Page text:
“Jump! Clap! Shout it out loud! Tell Jesus how much you love Him!”
Urgent commands from the overly enthusiastic youth pastor, made me feel a little intimidated. I was a young youth pastor at a camp experience. The speaker was a sincere, dynamic preacher. His visibly extroverted personality made his foot-stomping, loud shouting, hand waving worship expressions seem natural. I, on the other hand, felt a little less spiritual as he challenged me to duplicate his exuberance. It was awkward, and truth be told, I felt a little insincere as I pictured myself twirling and bouncing similarly.
I closed my eyes and tried to focus on the moment. I held back my critique and retreated into my thoughts. I quietly whispered, “Jesus.” Standing still in a room filled with throbbing sound and flashing lights, I somehow disconnected and went inward, into a deeper reality. I sensed the intense closeness of Jesus standing next to me. I began our conversation with my pressing concern. “Do you want me to dance, or jump, or do something?”
“Stand still,” was His reply. “Stephen,” He continued, “I am the God of Abraham, Isaac, and Jacob. I brought you to this place to show you all that I will do. Do not be afraid…” His powerful and overwhelming voice sustained me with a solemn sense of authority. He continued to by unfolding His plan and passions for my life. I stood with my eyes closed to the natural world around me and in the same moment open to the realm of His existence. As He spoke, images came to life in my mind. He spoke with me for only a few minutes, and then it was over. I slipped back into the reality of a crowded room. Tears dried on my face, and I felt somewhat transformed within.
I share this experience to reveal how God often speaks to me. We may agree that God speaks in various ways, but could it be that there are multiple ways to respond to the voice of God? We’re not all inclined to dramatic expressions of worship. Don’t misunderstand my view. I’m not saying that exuberant forms are worship are not sincere. I’m saying they are not the only way to worship. In reading the scriptures, we often find believers encountering God and responding by falling down (Rev. 1:7), having no physical response (Acts 9:10-16), or even falling asleep (Luke 9:32).
In the cultural context of the Middle East, the accepted response to a greater power or position is reservation, reverence, and humility. Most in eastern cultures today would perceive exuberance or an animated response to be one of cultural ignorance at best and blatant disrespect at worst. I note this because the gospel is written in the context of Eastern culture. We see hints of this cultural norm in passages like Proverbs 29:11, 16:32, 10:19, 25:28.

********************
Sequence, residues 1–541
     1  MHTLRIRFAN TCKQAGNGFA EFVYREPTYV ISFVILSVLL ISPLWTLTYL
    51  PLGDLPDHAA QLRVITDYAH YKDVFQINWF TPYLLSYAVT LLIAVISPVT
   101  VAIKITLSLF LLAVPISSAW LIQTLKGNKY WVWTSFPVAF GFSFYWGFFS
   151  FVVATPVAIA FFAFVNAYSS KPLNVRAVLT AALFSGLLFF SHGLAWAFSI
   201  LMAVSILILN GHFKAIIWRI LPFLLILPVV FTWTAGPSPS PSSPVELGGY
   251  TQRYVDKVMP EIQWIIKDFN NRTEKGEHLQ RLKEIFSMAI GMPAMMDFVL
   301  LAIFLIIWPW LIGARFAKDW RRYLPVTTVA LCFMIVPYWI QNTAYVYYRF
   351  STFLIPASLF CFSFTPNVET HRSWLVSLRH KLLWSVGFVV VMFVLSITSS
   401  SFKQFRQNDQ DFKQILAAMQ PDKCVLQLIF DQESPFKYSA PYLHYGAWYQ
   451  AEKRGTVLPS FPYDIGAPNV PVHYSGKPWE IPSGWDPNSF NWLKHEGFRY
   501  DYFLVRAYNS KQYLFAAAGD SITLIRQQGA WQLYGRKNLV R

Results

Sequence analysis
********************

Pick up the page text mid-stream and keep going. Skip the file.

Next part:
Yes, there is a place for joyful celebration and over the top emotional glee, but it may not be for everyone. Of the hundreds of times that I have encountered God’s presence, I have found my soul often enters into a solemn, worshipful, response, and reverence. Some would say, “well, if you can get crazy about a football game, then you should be able to do the same for Jesus.” To this comparison, I would say this. Football is entertainment. Jesus is not. I can get excited about a touchdown. I may find myself excited and even joyful, but I’m not the one jumping on the couch or throwing food across the room. No way! That’s too messy, and I’ll have to clean that up later!
An explosion of emotional emotion does not always indicate a deep devotion or a selfless act of worship. Because it comes from the soul, worship, I believe, can take on varied forms. We should not be quick to classify some expressions of worship as acceptable and others as less spiritual.
Yes, the scriptures direct us to raise our hands, clap, and sing, but they also speak to us of standing still, bowing down, and responding with reverence. The spectrum of emotional responses may indicate the beauty of diversity in humanity.
Why does this matter? Because one out of every three people are introverts. Introverts cringe at the thought of jumping, shouting, and dancing. To us, dramatic displays of affection are often insincere, especially when we feel coerced into them. To the extrovert, the beckoning to stir emotions and belt out a raging shout may affirm a deep sense of connection. To the introvert, the same call causes us to think, “how do I get out of this room?”
If worship is the personal connection of our soul to the One we love, then we should expect this connection to vary as much as personalities do. Rigid expectations of how worship should look, aside from those given to us directly in the scriptures, will only restrict the beauty of expression and true worship.